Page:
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Much Of Venezuela Is Without Electricity As Blackout Continues


Next let's consider a country where the economy has collapsed, add to that a political crisis over who's the legitimate president, then throw in a massive power outage. Add it all together, and you get the picture of Venezuela today. Much of that country is without electricity for a fifth day. Outages have paralyzed oil exports and made life for Venezuelans even harder. NPR's Philip Reeves filed this report from the capital, Caracas.

PHILIP REEVES, BYLINE: Saida Zambrano is at the wheel of her car. She's in a huge line waiting to buy gas. It's taking all morning. This is the fifth gas station she's visited, she says. The first four either ran dry or lost their pumps because of power cuts.

SAIDA ZAMBRANO: (Speaking Spanish).

REEVES: "I've never seen anything like this," says Zambrano. Venezuela's president, Nicolas Maduro, says he knows why this is happening. The U.S. is sabotaging the electricity grid in an attempt to topple him from power, he says. Zambrano takes a different view.

ZAMBRANO: (Speaking Spanish).

REEVES: "This is because of Maduro and his bunch," she says tearfully. "They're useless. All the good people have left the country. It's chaos here," she says. Zambrano thinks it's time for Maduro to make way for opposition leader Juan Guaido, who's recognized by the U.S. and dozens of others as the legitimate head of state. Public anger is building in this already deeply unstable country. Sporadic looting has begun in Caracas. Communications are badly disrupted. Drive around the city and you soon see evidence of that. We're

actually on a three-lane highway. One lane of the street is entirely occupied by parked cars with people in them who are trying to hook up with the Internet.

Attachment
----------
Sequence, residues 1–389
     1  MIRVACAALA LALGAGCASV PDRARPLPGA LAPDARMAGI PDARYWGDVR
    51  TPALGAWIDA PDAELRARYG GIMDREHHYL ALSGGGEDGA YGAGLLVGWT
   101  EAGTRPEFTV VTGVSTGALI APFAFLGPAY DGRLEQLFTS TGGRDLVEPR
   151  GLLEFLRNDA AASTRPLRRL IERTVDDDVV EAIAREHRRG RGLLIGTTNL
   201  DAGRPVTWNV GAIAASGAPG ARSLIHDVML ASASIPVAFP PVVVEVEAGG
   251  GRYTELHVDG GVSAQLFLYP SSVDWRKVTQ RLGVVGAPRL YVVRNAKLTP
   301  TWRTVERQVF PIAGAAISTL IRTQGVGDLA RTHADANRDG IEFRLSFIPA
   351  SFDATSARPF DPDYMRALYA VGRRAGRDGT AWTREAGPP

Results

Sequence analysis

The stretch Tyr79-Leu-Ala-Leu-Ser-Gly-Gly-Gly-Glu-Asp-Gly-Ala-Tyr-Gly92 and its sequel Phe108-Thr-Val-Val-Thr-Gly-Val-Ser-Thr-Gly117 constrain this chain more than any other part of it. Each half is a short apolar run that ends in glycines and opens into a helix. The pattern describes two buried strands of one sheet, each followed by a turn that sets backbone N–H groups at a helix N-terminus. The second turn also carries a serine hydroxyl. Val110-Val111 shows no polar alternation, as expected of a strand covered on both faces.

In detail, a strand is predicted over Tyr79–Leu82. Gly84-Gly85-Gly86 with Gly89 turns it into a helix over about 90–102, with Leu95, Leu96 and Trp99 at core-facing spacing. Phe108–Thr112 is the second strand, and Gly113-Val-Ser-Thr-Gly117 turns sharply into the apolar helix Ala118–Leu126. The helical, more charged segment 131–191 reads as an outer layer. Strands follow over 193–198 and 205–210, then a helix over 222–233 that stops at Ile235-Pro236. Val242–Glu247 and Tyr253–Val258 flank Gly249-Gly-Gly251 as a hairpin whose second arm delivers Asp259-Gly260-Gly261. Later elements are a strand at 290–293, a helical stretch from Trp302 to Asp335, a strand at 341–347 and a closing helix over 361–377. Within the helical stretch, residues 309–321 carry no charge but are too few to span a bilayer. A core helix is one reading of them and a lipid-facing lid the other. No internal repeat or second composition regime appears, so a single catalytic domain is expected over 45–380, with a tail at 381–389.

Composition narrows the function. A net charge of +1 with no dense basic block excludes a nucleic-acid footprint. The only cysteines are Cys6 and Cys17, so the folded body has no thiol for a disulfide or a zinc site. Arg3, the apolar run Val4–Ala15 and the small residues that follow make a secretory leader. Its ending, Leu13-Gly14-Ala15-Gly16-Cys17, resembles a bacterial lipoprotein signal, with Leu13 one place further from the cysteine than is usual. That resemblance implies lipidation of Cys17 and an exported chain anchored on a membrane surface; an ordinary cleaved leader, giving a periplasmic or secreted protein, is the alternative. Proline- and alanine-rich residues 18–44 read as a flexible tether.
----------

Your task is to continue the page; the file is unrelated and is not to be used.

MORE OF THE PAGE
These are not people waiting for gasoline. These are people who have come here because the mobile network is believed to work here.


REEVES: We've come to west Caracas. This part of town was a government stronghold. There are big pictures on the walls of Maduro's mentor, Hugo Chavez. A crowd stands in a line on the sidewalk with buckets and barrels. They're here to get water from a truck. The Maduro government's not so popular now.

FRANCESCO GONZALES: (Speaking Spanish).

REEVES: "It's obviously responsible for this, no one else," says Francesco Gonzales, who's 24. He lives at home with his girlfriend and parents. Outages are making life very difficult.

GONZALES: Seeing our where when you look at where they know where our harden up where.

REEVES: "We can't wash. We can't go to work. We can't do anything," he says. Blackouts began across Venezuela on Thursday. The cause isn't clear. An official from a power workers union says that a brushfire knocked out transmission lines linked to the country's giant hydroelectric plant at Guri Dam.

Electricity's restored in some areas. In parts of Caracas, it came back and then cut out again. An explosion in a substation today made matters worse. Fixing the supply is difficult. Tens of thousands of engineers in Venezuela's electricity sector have left the country because of the economic chaos.

For hospitals and clinics, these outages are a nightmare. Some have generators, often in bad repair, some do not. We don't yet know the toll on patients already suffering acute medicine shortages. One estimate by a doctors group yesterday said 21 died nationwide because of the blackouts.

OLIVIA: (Speaking Spanish).

REEVES: This woman is on the support staff at the hospital in Caracas. She only gives her first name, Olivia, because of fear of reprisals. When the generator kicks in, she locks herself in her room. It's dangerous, explains Olivia. The corridors go dark. As Venezuela gets ever more volatile, there's a risk of being robbed at gunpoint even inside a hospital. Philip Reeves, NPR News, Caracas. Transcript provided by NPR, Copyright NPR.

NPR transcripts are created on a rush deadline by an NPR contractor. This text may not be in its final form and may be updated or revised in the future. Accuracy and availability may vary. The authoritative record of NPR’s programming is the audio record.

Philip Reeves is an award-winning international correspondent covering South America. Previously, he served as NPR's correspondent covering Pakistan, Afghanistan, and India.
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